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Chuuk State Enacts Bill to Protect Sharks

Micronesia is a step closer to regional shark sanctuary

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All four of the Federated States of Micronesia, or FSM, have enacted shark protections, now that the state of Chuuk has passed legislation that bans shark fishing in its waters. Governor Johnson Elimo signed the measure on May 1, 2014, and a celebratory ceremony was held on May 8, 2014 in the state capital, Weno.

The state legislature passed the bill in early April, shortly after it was introduced by Senator Nelson Stephen.

“Sharks are worth more alive than dead,” Stephen said. “I am delighted that Chuuk has enacted legislation to keep these culturally and economically significant species protected for generations to come.”

Photo: Angelo Villagomez

Chuuk, located in the western Pacific Ocean, is a world-renowned scuba diving destination. It boasts dozens of World War II-era shipwrecks in its waters. Chuuk is also known for its sharks, which are attracted by the marine life that lives among the sunken wrecks.

“Chuuk shows that small islands can take big steps to protect sharks,” said Imogen Zethoven, director of The Pew Charitable Trusts' global shark conservation campaign. “We applaud the state for protecting these ancient creatures.”

Cindy Hall, manager of the Truk Lagoon Dive Center in Chuuk, told Pew in 2012 that tourism drives the state's economy—and diving is a critical component of that industry.

“One diver can bring in several thousand dollars per trip. They pay the diver fees, including the government's $30 user fee, but they also stay in hotels, rent cars, and eat in our restaurants,” Hall said, adding that sharks help attract divers.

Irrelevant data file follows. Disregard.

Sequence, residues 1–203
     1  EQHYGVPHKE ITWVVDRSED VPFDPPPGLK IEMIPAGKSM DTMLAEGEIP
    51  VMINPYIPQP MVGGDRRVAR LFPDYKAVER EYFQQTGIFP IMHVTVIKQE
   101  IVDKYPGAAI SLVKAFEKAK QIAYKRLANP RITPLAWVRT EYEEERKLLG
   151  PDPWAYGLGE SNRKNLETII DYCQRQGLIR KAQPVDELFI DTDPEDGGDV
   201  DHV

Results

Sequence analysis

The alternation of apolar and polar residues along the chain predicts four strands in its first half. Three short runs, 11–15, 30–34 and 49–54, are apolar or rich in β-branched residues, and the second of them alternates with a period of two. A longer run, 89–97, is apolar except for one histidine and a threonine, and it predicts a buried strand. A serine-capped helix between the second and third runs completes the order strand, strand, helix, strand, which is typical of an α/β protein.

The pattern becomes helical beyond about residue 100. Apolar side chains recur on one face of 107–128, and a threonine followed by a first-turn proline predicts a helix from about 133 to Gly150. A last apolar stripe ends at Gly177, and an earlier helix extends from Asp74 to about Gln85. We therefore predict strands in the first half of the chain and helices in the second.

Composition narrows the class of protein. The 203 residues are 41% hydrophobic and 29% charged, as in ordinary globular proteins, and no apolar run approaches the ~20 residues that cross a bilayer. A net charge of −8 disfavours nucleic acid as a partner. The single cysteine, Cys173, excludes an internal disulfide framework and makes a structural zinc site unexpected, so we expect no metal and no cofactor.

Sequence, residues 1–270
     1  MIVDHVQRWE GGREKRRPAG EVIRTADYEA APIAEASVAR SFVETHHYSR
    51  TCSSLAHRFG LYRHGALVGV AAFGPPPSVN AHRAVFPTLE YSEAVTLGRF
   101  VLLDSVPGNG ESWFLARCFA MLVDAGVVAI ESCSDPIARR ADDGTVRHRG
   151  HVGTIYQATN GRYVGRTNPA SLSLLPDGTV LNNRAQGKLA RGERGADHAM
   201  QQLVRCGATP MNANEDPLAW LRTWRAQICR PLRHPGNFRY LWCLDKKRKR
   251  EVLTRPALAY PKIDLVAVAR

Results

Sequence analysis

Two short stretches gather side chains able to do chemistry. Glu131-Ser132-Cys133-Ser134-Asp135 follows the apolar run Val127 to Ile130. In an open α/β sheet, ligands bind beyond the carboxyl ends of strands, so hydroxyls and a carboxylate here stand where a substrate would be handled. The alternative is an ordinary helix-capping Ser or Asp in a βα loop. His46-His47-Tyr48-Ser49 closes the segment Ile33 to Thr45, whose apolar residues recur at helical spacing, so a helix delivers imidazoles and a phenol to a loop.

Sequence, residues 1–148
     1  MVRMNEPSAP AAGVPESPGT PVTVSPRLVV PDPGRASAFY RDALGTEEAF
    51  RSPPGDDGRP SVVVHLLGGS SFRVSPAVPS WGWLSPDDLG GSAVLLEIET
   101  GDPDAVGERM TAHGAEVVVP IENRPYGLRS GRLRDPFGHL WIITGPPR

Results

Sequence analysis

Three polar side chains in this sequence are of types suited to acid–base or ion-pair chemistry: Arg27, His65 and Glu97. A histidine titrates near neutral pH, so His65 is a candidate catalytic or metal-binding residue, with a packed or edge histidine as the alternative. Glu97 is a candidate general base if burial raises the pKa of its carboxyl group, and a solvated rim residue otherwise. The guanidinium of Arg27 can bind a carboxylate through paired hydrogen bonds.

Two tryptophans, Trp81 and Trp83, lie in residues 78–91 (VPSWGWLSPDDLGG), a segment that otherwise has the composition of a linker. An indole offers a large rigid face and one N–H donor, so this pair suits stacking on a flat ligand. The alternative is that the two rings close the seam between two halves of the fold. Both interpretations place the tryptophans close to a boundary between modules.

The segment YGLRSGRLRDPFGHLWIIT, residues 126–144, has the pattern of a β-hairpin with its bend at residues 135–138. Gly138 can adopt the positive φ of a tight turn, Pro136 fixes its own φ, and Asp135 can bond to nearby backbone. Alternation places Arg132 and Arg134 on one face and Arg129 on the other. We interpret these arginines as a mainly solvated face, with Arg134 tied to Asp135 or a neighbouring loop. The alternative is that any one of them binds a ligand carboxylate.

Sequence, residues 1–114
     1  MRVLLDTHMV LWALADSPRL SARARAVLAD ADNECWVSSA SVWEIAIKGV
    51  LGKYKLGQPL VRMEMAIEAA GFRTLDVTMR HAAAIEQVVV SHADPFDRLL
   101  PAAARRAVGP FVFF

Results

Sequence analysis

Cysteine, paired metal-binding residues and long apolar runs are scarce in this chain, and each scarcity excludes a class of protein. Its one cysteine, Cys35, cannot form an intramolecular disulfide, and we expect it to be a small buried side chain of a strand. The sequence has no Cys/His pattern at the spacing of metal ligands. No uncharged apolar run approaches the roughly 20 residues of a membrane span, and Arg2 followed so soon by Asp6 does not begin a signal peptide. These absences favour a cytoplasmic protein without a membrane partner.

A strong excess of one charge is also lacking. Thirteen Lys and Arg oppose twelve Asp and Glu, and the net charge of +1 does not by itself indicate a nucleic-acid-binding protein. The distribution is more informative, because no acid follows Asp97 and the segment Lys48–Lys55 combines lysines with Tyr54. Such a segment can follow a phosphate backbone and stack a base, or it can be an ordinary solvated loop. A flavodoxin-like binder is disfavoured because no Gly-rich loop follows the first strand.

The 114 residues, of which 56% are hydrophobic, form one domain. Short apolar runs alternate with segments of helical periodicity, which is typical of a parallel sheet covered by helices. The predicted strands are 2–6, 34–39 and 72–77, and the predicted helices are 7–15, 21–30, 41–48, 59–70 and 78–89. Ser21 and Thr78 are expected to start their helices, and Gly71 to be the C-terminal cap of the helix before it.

“Shark diving is a sustainable business, whereas commercial shark fishing is not,'' she said. “We can bring divers out to Shark Island every day, but a fisherman would only be able to fish it once and the sharks would be gone.” 

Photo: Angelo Villagomez

One study done in the western Pacific island nation of Palau found that the one-time value of a dead reef shark was US$108. A living shark, on the other hand, was worth US$1.9 million to the tourism industry over its life span. 

Kosrae became the first FSM state to protect sharks, in September 2012. The other states, Yap and Pohnpei, followed suit in 2013.

Micronesia is a region in the western-central Pacific Ocean consisting of the Northern Mariana Islands, FSM, Guam, Kiribati, Nauru, Palau, and the Marshall Islands. At a meeting of the Micronesian Chief Executive Summit in 2011, three presidents and six governors from the region agreed to a Micronesia Regional Shark Sanctuary, an area of protected shark habitat nearly the size of the European Union.

Now nearly every country, state, and territory in the region has established shark protections. The national FSM government is continuing to deliberate on shark legislation. Senator Florencio Singkoro Harper of Chuuk introduced the national legislation in January.

Since 2009, Pew has worked with nine countries to establish shark sanctuaries covering more than 12.6 million square kilometers (4.9 million square miles) of ocean area. Collectively, these sanctuaries equal the size of the United States and Mexico combined.

For more information about Pew's global shark conservation work, visit www.pewenvironment.org/sharks.

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